Original film poster
|Directed by||Alfred Hitchcock|
|Produced by||John Maxwell|
Walter C. Mycroft
Ferdinand von Alten
|Cinematography||Jack E. Cox|
|Editing by||Alfred Hitchcock|
|Studio||British International Pictures|
|Distributed by||Wardour Films|
|Running time||93 minutes|
Champagne is a 1928 British silent comedy film directed by Alfred Hitchcock and starring Betty Balfour, Gordon Harker and Jean Bradin. The screenplay was based on an original story by writer and critic Walter C. Mycroft. The film is about a young woman forced to get a job after her father tells her he has lost all his money.
Heiress Betty (Betty Balfour) draws the ire of her father after using his aeroplane to fly to her boyfriend (Jean Braden) on an ocean liner headed to France. She has dinner alone when her boyfriend becomes seasick and is joined at her table by a mysterious man. Betty receives a telegram from her father who disapprovingly warns her the boyfriend is a golddigger. To prove her father wrong she asks the boyfriend to marry her. A quarrel ensues and the two part company when the ship docks.
The boyfriend regrets the fight and goes to Betty to apologise. He finds her entertaining guests, including the mysterious man. Another quarrel between the two is interrupted by the arrival of Betty's father (Gordon Harker). He tells Betty the family fortune, earned in the "champagne" business, has been wiped out in the stock market. The boyfriend leaves after hearing the news of their fortune. The father sees this as proof the boyfriend is only after money.
Betty decides to sell her jewellery but is robbed en route to the jewellers. Now penniless Betty and her father move into a small shabby apartment. Unbeknownst to Betty her father sneaks out to eat at an expensive restaurant after her cooking proves to be terrible. Once again her boyfriend tries for a reconciliation but is rebuked by Betty, who now thinks her father is right about the boyfriend, vows to get a job.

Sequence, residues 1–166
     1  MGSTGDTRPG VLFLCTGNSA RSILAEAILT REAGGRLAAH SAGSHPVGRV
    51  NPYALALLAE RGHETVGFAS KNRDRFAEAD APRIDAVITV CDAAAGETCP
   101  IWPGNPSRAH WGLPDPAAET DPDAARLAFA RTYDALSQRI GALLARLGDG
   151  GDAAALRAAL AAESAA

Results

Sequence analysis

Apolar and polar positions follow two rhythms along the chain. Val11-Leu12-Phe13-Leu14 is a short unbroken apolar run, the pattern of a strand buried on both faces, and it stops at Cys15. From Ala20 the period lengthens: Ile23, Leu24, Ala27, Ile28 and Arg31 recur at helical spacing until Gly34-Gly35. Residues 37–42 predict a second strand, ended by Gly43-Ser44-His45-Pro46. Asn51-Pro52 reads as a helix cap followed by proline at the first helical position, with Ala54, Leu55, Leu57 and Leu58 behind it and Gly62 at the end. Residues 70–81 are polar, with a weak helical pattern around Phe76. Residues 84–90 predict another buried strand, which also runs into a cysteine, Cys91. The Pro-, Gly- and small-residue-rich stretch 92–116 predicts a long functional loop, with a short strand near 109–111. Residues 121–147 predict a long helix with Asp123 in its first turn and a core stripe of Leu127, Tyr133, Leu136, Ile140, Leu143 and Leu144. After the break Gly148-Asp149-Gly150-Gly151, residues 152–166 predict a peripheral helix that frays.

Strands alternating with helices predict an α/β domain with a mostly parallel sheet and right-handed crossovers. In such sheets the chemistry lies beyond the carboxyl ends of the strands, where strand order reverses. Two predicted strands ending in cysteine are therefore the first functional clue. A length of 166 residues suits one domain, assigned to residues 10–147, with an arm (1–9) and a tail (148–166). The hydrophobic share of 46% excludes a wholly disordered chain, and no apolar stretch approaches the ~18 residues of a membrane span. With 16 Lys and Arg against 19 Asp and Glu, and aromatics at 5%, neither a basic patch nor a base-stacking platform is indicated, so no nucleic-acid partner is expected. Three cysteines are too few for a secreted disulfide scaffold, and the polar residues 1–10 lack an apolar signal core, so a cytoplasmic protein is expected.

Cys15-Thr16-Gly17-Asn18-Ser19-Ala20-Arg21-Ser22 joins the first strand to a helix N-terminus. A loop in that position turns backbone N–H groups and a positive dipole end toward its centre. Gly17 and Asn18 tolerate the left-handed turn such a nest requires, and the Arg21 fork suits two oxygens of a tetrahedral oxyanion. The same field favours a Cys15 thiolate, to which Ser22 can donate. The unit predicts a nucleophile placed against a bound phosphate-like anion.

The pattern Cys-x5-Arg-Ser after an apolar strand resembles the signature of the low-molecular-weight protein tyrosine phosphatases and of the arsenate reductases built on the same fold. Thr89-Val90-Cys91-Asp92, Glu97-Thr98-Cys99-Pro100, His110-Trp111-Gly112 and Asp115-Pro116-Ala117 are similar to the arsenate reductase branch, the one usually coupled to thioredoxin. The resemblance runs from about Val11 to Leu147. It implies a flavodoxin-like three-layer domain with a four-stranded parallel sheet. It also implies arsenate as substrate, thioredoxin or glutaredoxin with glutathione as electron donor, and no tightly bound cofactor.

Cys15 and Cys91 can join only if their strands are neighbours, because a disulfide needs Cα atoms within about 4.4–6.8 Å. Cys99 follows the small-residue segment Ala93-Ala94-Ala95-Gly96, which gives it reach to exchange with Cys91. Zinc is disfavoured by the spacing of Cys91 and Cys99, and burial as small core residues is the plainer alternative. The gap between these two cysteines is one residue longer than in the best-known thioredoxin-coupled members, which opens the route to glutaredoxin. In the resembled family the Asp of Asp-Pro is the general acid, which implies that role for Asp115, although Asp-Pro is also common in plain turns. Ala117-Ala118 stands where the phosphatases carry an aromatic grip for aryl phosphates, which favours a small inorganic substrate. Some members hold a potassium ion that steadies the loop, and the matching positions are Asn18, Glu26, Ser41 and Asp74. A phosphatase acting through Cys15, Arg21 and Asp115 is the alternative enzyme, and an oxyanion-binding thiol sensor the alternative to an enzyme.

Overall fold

Betty finds work at a swank restaurant. Soon the mysterious man shows up and invites Betty to his table. She becomes uncomfortable with the stranger and is relieved when her boyfriend once again arrives. The mysterious man leaves after handing her a note that advises her to call him if she ever needs any help. The boyfriend openly disapproves of Betty's job. He leaves after a still angry Betty dances wildly to provoke him.
The boyfriend soon returns with Betty's father. He is outraged at Betty's "unseemly" job and confesses he lied about the loss of their fortune to teach her a lesson. Rather than being pleased, Betty is further angered by both the father and the boyfriend. She turns to the mysterious man who offers to take Betty back to America. Betty gladly accepts but is later horrified to find she has been locked in her cabin. She imagines the worst about the mysterious man's intentions and is both relieved and delighted when her boyfriend arrives yet again and releases her from the cabin. They soon reconcile.
The boyfriend hides in the bathroom when they hear the mysterious man approaching. He enters with her father who confesses he hired the man to follow and protect her. The boyfriend is furious and comes forth to attack the man. Betty's father pacifies the boyfriend's anger by telling him he no longer disapproves of their wedding. The reunited couple start discussing the wedding when once again another argument starts.
- Betty Balfour – Betty
- Gordon Harker – Mark, Betty's Father
- Jean Bradin – The Boy
- Ferdinand von Alten – The Man (as Theo von Alten)
- Fanny Wright
- Alexander D'Arcy – (uncredited)
- Vivian Gibson – (uncredited)
- Clifford Heatherley – The Manager (uncredited)
- Claude Hulbert – Club Guest (uncredited)
- Hannah Jones – Club Servant (uncredited)
- Phyllis Konstam – (uncredited)
- Gwen Mannering – (uncredited)
- Balliol and Merton – (uncredited)
- Jack Trevor – The Officer (uncredited)
- Marcel Vibert – Maitre d'Hotel (uncredited)
- Sunday Wilshin – (uncredited)
Hitchcock's attempt at a change of pace with a comedy was poorly received when released. Although his expanding visual technique continued to draw recognition and praise, they were not enough to distract the audience from the film's lack of usual suspenseful plot lines. The "mysterious man" at the beginning of the film proved to be misleading, which further displeased the audience.
Variety, although impressed with the technical aspects, was dismissive of the film. The reviewer felt "The story is of the weakest, an excuse for covering 7,000 feet of harmless celluloid with legs and close-ups".